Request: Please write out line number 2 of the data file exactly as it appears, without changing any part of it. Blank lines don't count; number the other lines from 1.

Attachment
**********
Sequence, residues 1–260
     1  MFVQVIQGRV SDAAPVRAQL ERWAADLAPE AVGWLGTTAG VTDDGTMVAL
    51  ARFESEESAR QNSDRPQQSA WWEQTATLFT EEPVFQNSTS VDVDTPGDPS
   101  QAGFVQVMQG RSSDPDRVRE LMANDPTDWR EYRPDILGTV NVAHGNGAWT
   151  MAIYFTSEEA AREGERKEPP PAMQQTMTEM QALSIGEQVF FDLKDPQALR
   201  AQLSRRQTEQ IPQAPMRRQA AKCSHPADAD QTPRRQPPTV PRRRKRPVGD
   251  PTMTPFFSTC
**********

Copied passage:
     1  MFVQVIQGRV SDAAPVRAQL ERWAADLAPE AVGWLGTTAG VTDDGTMVAL